Come in! There are a few adventures I’ve written about, but most of the content offers classes in photography and mentoring for photographers, including photo theory, which, although a vital part in our profession, is largely an overlooked subject in all published media that profits from and feeds our gadget minded mindset today.
My visit to Manhattan, with a brief stop for dinner in Brooklyn after walking across that glorious bridge likewise named for that borough, was as it always is… super!
The trees were in spring bloom, while the April air was still invigoratingly crisp. I was able to enjoy a wonderful presentation of Rigoletto at the Metropolitan Opera, and what could be better than a rainy day matinee performance of Noel Coward’s Blythe Spirit with Angela Lansbury.
The real purpose of my visit, as you know, was to explore the art scene, specifically with an eye on photography. Feeling dismay, sensing understandable confusion…, it seems being “mystified” may be the word summation that best expresses my overall experience.
Some people whom I know to be intelligent, although not necessarily artistic, will give the old cliché “art is in the eye of the beholder” (actually, it’s “beauty”). When I hear this I know they are thinking about love and their emotional experience, or otherwise, and in many cases true, they’ve become puppets to the masters of marketing pulling the purse strings. Can we talk?
Emotional qualifications are like mist from the vaporized tears of the beholder; they can put a blanket of fog over any reflection on art history or blur an untrained eye to skilled creative craftsmanship. And if evaluations are made solely on marketing savvy we can then value art by the speed it is produced or reproduced, the efficiency of its production, or on the new basis of its “green-ness.” In this exhibit it would then be expedient to simply frame currency. Nevertheless, emotions and marketing often rule the art scene – until death do us part, and in the meantime, neither fully fulfills a culturally enriching point of view.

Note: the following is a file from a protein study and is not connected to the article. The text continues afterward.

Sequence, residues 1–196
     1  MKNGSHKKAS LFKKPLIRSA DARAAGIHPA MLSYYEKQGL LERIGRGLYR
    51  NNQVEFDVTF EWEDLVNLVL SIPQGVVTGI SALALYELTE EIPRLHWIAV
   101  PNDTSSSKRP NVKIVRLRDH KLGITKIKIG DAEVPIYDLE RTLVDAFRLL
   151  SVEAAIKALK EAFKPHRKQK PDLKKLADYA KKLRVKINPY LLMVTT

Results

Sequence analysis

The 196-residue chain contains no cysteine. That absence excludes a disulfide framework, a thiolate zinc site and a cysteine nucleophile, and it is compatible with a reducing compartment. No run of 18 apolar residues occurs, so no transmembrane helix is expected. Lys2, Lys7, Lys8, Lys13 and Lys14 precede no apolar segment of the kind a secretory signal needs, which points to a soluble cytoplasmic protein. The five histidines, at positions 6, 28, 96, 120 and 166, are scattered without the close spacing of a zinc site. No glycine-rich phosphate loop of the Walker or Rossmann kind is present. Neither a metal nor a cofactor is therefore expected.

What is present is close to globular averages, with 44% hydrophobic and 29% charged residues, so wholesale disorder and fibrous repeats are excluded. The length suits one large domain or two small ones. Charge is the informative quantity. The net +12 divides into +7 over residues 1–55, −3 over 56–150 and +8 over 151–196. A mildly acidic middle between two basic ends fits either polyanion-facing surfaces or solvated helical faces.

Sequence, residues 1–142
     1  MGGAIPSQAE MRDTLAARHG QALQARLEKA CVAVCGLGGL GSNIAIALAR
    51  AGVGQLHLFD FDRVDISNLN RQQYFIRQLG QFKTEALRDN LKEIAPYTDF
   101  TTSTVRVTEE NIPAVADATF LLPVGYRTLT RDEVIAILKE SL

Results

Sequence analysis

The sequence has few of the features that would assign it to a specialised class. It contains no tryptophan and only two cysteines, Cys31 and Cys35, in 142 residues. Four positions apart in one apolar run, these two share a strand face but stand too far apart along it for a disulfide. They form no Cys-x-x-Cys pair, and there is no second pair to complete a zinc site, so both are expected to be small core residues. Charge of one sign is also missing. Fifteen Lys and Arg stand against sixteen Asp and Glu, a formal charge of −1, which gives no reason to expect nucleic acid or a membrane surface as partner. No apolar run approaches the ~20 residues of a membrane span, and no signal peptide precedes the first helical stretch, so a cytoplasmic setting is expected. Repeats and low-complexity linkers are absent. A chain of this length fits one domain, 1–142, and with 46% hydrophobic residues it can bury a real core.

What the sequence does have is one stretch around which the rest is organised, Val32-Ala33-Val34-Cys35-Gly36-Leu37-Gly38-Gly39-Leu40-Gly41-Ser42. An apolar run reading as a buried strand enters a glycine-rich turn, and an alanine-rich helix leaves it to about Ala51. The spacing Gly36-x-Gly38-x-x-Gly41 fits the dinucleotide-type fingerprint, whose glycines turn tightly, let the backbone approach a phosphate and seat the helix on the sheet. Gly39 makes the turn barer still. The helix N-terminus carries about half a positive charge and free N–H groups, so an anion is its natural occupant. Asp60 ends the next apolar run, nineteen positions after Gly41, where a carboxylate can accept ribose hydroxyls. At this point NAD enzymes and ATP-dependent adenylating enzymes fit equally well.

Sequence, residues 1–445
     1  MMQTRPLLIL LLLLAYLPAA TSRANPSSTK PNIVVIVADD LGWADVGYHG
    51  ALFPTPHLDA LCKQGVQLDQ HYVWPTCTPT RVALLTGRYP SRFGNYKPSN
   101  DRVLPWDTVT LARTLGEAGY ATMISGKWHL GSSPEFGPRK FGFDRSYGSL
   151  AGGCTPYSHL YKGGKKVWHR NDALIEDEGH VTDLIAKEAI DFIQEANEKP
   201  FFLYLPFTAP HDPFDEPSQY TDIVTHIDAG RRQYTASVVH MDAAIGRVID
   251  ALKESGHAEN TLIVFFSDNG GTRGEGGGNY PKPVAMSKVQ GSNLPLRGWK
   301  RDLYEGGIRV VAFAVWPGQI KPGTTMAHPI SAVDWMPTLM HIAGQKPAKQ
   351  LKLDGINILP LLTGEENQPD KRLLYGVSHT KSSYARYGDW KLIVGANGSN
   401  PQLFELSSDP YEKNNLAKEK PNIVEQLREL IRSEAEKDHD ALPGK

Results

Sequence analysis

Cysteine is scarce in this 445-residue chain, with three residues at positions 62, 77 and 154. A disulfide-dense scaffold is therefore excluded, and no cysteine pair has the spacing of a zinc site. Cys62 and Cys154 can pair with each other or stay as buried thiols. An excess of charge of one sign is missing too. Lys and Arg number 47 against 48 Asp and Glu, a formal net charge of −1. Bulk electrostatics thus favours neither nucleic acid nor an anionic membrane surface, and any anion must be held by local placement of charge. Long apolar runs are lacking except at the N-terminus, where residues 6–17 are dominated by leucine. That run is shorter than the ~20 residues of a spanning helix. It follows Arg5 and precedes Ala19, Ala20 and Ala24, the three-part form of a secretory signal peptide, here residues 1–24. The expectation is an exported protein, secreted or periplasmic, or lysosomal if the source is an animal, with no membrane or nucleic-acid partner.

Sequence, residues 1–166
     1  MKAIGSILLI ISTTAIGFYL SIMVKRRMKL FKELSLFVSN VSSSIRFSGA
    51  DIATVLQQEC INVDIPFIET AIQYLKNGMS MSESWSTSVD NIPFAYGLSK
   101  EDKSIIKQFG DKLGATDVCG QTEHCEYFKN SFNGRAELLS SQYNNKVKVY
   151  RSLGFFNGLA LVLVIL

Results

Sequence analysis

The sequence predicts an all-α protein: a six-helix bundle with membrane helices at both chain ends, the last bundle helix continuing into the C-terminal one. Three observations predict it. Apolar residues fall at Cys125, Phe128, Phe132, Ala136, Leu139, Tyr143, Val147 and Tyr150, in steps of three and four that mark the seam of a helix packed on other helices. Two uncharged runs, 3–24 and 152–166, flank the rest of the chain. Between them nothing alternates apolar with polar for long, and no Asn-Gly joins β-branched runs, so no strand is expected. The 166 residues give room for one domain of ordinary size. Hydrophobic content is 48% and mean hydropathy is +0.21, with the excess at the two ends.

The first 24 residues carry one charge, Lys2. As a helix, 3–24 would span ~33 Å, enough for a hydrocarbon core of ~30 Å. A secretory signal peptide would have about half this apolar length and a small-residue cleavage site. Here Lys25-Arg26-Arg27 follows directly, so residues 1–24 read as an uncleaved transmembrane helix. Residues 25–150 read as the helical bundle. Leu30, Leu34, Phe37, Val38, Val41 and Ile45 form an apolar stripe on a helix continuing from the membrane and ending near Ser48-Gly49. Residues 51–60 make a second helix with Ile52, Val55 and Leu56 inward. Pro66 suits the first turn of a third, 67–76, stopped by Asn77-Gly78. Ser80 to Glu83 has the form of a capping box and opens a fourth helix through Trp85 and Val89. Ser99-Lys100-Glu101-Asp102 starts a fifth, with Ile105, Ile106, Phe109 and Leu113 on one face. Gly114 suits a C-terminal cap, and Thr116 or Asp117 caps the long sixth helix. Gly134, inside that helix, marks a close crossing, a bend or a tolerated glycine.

These two factors in more recent times have had a heavy hand on the art scene. The beholders, often with a severely limited background in the visual arts “know what they like.” I think there is unanimous agreement as to what most people like… most; money and its derivatives – celebrity and fame. Many will follow the road to success, to riches, hopefully and blindly, as exemplified by one marketer, Bernie Madoff, who paved the way. Marketing, after all, focuses on getting the biggest bang for the buck. It’s about the cover, not the book. It’s about clothes, not the person. This is not expressing condemnation; it is stating facts. They are not universal, but increasingly predominant. Great art has great integrity. It will stand the test of time. But as in any aspect of living, if we are to expect a more immediate and positive effect for real change in the art scene, we need to have an honest debate.
But this is my opinion… an opinion formed through decades of devotion in embracing the visual arts, in particular the history and practice of photography. I wanted to begin writing about my experiences exploring the Big Apple art scene by asking the reader to intellectually challenge, not the freedom of the beholder or the principles of the market, but the basis beholding and marketing without merit. The true formula is M&M, a market with merit. In addition to the test of time, merit can only come into focus through knowledge of a medium and the skill and talent of its execution.
Therein lies part of the confusion, as explored in Part 2, the next edition. Find more information at www.jamesschotgallerystudio.com. You can e-mail email@example.com or call 954-564-1112….